Wisdom & the Deepening Trust part 3

 
 
 

When we are perfectly honest with ourselves – and this means an honesty that has in its undercurrent a feeling of compassion – we can recognize how deeply it is we yearn to feel a Love that does not change.  We want so much to experience something outside the boundaries of time that is safe.  We want deeply to be loved and in love.  We project this deep yearning onto the things and experiences of this world.  This is why our relationships can become so very, very difficult, because they are made up of a projection of an intense longing for God’s Love, for God’s Grace.

A projection of that longing onto a human face, onto a human body always results in a feeling that either we are going to be betrayed or we have been betrayed.  It is inevitable.  My brother, my sister, my father, my mother, my daughter, my son, my friend can be there for me in a certain way.  They can support me.  They can offer me love.  But they cannot extend to me the Grace that transcends boundaries.  Only the compassionate Presence, only the power of Love as a Being, only God’s messenger can do this for me, or for any of us.  When we speak of God’s messenger, we are not speaking here of some ideological presentation or some purely religious articulation. We are speaking of a deep, deep experience which leads us to trust – trusting it and trusting ourselves in relationship to it.

How much time do we spend not trusting who we are?  How much time do we spend questioning our feelings and hoping that they don’t appear again or that they don’t exist at all?  How many of our difficulties are based on the belief that there is nothing to trust, that there is betrayal, that the answer to betrayal is control – making things happen a certain way?  Whenever we do that, there is tension, there is pain, and ultimately, there is loneliness, because our life is too big to control.  This life experience rolls on.  It is immense.  It is ever-changing.  It is unpredictable.  It is difficult.  It is mysterious.

To think we can control this life is monstrously painful.  To attempt to control makes the body enter into a relationship with itself that can become unbearably tense as long as it continues to try.  It bears a burden of summoning an energy to control what is beyond the ability of a mortal to control.  Yet when the ego hears the word “surrender,” it trembles.  How can I surrender?  Doesn’t that mean that I am going to have to face some terrible, terrible danger?  We can feel this inside of ourselves.  Somehow, on some level, trying to control feels much safer than surrendering.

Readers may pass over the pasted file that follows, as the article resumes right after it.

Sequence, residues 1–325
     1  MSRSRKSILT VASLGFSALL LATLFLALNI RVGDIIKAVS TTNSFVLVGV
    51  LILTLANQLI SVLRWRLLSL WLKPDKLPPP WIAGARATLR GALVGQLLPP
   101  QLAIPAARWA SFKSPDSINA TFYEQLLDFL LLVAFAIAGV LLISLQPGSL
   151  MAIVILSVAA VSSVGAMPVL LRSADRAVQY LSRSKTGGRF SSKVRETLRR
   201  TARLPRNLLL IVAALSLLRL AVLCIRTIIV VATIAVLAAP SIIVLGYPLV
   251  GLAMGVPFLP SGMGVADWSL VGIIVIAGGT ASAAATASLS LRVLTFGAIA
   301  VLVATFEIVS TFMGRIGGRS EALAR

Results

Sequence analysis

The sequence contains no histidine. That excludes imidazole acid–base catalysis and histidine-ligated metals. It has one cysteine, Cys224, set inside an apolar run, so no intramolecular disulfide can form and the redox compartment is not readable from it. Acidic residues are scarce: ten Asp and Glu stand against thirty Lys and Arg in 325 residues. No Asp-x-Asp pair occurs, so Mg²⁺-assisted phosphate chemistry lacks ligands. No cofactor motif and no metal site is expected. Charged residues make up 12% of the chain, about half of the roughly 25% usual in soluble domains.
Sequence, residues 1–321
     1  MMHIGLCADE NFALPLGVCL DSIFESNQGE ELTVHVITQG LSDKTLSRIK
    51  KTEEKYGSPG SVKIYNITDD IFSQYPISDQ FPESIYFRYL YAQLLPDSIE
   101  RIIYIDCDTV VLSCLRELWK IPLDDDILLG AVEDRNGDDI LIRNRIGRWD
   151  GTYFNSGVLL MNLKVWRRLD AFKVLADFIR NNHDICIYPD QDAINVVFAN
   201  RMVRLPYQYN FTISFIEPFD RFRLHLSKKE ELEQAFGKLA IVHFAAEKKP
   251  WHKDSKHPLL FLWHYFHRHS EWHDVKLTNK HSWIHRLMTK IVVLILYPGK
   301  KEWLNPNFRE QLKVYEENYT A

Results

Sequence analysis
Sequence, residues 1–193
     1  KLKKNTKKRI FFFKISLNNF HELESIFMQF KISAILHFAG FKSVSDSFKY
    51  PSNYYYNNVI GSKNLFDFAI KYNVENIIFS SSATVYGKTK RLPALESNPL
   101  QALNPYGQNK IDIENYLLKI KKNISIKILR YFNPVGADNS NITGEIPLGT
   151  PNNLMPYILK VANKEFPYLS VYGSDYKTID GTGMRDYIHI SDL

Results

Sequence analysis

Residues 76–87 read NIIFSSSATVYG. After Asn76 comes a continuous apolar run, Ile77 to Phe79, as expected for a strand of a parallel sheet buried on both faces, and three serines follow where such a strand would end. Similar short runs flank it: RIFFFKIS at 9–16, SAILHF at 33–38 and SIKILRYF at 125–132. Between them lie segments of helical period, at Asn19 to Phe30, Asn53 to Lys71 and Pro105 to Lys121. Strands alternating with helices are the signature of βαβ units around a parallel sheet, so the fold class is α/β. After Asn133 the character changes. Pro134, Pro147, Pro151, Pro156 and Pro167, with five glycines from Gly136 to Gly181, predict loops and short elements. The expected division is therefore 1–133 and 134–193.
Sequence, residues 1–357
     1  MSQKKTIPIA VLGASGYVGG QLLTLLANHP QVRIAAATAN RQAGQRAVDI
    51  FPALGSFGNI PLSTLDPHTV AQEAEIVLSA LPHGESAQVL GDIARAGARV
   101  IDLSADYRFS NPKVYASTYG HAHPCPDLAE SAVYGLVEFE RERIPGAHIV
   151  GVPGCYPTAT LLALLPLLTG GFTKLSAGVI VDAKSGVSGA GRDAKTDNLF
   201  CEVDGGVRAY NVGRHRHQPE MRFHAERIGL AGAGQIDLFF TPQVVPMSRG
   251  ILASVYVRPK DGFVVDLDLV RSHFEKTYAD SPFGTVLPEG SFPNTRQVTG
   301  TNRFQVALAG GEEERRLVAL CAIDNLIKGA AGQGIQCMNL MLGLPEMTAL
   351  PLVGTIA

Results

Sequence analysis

Surrendering is far more frightening to the human being – at least in the ego experience – than is the attempt to do what is impossible.  It is impossible to control, and we know that.  So much of our life is made up of trying to get control over what inevitably passes out of our control.   Yet sometimes, we long so deeply to surrender, to let go in a fundamental way, to be at ease with our own inner life and with the world around us.  There is an urge for that.  Sometimes we can’t believe that we can trust that step, that we can let go enough to see whether there is something to trust, and furthermore, let go enough to perceive that all of our attempts to control simply bring us into an experience in which we are trying to use dust to quench our thirst.  It hurts.  It doesn’t solve the basic problem.  It perpetuates it.

In the desire to control, we can feel the great manacles of earth boundaries and life boundaries and the belief that the body is all there is.  In the desire to surrender, in the yearning to surrender, we can feel how it is to be outside of boundaries, to be outside of time.  This is the only way in which we are ever going to find freedom and release.  In the end, it is only freedom and only release we want, even though we sometimes think it is something in this world.  Beyond this world lies the great dignity of wanting freedom and release.  There is great dignity in being a human being yearning for truth.  There is great dignity in even misinterpreting our feelings.  There is great dignity in being who we are.  In our struggle to try to control, lies the pointlessness of trying to live according to who we think we should be, the pointlessness of living in a fantasy.

I am who I am.  I am feeling what I am feeling.  I accept there is within this, deep Wisdom.  Sometimes I don’t see it.  There is the barren body the ego sees, and there is the Wisdom body Spirit sees.  There are the barren feelings the ego sees, and there are the Wisdom feelings Spirit sees.  There are the difficult and barren experiences we see each day or some days, and there are the Wisdom teaching experiences Spirit sees.  They are the same experience seen in radically different ways.  To make the purpose of our spiritual search to either change our internal or external experience is to misunderstand where it is we will find Wisdom and Grace and Peace.    We will find it where we are and not where we think we should be.

This is my classroom; this is where the Master waits, in my heart and in my life as it is now.  It is here, in my heart and in my life the way it is now, that I can learn to pray.  And I do not pray to an ideological God, to a God speaking of sinfulness and disgrace, to a God reckoning with my pain.  I pray to a transcendent God whose only blessing is Love, forever and forever.

This concludes a 3 part “Wisdom” series that was spontaneously delivered in a Sunday Meeting April 1988, Valley Cottage, New York.

Copyright 1993: Estate of Stephen Robbins Schwartz

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